For many dealers, the annual ritual of putting together a forecast, or budget, as some of you call it, is a once-a-year project forgotten once the bank and the factory have received their copies.
The top producing and, coincidentally, the most profitable dealers do things differently. They get input from their department managers -- a one-page question and answer form.
They produce a draft forecast and then sit down with each manager, or all of them at once, to get a commitment on the changes in process to achieve profitability.
The edited and final annual forecast is then divided up by month and the actual financial statement results are applied each month to show effort required or congratulations for achieving your expectations.
Depending on your individual fiscal year end, you may think that once the fiscal forecast is complete, it’s too late or inappropriate to conduct a forecast review at another time.
Many successful dealers have a non-calendar year for fiscal purposes and conduct a calendar year review for forecast purposes. That is their fiscal year end may be September, but forecast measurement is completed for January to December.
All publicly traded corporations produce annual and quarterly forecasts to let shareholders know how they are doing and where they are going. Why would you be any different?
A quarterly or bi-annual meeting to communicate results and expectations with departments or managers would be motivation in itself for staff to get rejuvenated for the next quarter or half year. We seem to be afraid to change an annual forecast (even if we know where it is), to reflect market condition changes.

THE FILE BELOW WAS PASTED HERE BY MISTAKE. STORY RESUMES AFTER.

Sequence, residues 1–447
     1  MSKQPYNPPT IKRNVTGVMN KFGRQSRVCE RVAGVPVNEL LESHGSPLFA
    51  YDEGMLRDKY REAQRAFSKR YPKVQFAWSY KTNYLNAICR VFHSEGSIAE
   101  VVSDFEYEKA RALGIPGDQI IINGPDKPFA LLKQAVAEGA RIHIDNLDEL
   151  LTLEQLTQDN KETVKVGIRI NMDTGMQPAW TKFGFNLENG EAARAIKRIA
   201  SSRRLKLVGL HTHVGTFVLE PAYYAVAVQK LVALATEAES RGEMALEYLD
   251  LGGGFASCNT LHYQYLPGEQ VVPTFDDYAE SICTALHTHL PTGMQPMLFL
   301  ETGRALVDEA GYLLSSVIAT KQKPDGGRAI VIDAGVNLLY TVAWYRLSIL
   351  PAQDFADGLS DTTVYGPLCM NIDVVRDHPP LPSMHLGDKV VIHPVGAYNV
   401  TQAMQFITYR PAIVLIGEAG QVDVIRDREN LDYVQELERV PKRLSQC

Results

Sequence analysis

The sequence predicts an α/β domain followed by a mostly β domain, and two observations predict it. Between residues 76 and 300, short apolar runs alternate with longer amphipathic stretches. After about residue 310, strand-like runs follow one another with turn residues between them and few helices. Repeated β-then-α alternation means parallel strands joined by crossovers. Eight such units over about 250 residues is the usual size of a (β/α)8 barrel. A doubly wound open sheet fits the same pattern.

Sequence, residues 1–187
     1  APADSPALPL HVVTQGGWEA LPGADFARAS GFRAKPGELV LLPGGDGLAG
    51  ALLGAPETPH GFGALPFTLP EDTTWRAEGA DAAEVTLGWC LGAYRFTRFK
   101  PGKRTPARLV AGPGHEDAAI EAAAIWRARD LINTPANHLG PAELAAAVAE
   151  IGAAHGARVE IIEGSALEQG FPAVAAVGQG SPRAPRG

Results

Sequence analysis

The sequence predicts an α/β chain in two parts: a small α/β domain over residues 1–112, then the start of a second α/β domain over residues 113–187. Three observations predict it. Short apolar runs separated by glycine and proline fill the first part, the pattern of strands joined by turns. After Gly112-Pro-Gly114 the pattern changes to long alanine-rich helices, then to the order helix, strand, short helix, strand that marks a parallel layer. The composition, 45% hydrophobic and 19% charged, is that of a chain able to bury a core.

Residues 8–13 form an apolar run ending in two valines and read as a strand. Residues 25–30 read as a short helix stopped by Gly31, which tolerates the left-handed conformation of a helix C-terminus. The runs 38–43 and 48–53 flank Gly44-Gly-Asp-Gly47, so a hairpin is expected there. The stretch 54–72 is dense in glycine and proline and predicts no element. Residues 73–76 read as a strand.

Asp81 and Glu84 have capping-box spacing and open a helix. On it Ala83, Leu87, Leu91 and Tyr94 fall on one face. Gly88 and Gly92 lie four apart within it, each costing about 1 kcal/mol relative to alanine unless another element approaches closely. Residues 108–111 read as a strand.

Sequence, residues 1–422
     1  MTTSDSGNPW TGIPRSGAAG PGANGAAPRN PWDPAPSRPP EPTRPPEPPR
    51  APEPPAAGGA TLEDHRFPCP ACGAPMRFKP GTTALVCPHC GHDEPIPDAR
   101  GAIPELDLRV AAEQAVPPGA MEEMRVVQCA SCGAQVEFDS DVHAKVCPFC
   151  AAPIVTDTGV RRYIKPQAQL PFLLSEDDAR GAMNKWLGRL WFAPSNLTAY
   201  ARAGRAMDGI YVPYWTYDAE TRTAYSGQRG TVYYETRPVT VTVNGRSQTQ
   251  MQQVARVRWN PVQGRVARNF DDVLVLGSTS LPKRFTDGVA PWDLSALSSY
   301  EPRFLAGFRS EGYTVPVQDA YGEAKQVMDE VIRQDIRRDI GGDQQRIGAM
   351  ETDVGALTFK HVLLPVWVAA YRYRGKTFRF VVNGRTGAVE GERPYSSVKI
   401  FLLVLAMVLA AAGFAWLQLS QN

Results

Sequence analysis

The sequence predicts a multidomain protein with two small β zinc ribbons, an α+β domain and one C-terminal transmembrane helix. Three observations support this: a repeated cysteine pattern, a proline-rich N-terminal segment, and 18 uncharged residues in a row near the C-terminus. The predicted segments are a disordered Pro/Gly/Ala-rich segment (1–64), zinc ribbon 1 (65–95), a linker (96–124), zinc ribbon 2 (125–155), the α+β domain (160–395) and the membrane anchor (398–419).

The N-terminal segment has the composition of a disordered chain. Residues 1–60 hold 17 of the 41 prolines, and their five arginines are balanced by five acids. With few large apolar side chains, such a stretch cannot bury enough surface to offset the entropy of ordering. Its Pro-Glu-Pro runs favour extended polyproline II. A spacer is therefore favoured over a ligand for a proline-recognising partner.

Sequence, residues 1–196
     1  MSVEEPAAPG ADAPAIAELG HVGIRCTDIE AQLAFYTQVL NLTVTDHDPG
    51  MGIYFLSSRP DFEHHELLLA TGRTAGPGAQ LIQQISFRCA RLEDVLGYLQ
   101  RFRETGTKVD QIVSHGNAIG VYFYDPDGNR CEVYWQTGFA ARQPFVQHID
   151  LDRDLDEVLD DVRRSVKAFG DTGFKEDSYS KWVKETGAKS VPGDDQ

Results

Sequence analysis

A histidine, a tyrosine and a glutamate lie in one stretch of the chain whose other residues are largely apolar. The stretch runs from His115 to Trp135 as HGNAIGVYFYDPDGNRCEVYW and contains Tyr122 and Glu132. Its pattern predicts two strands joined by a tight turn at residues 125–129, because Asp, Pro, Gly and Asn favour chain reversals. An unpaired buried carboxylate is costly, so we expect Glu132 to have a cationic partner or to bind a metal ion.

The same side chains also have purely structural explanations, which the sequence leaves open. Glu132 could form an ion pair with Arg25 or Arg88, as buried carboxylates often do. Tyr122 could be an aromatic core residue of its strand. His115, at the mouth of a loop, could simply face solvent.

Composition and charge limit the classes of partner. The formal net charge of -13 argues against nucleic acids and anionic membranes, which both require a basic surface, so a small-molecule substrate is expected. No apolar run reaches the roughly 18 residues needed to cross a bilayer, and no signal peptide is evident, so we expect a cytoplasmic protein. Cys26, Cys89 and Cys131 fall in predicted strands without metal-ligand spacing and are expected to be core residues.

Changes should take the form of reductions as well as increases in case you got sandbagged by a manager. The overall effect on your net profit will be minimal unless there are catastrophic events. The process of allowing changes to the forecast generates new interest from all managers. If the update involves all department staff, the new interest is generated globally.
If you are one of those dealers who has not bothered with a forecast before, it’s never too late to get started. To prepare a forecast in February, March or even July will result in improvement to your bottom line whenever it is started. Who said we couldn’t prepare a forecast for nine, five or even two months?
On the basis that we “shouldn’t expect what we don’t inspect,” there is never a bad time to prepare and communicate a forecast to our department managers.
So now, we’re starting a new year, do you know where your forecast is?
Roger Nickerson, dealer group moderator, is the founder and president of Dealer XL Inc, headquartered near Ottawa. He can be reached at firstname.lastname@example.org or at (613) 222-0553.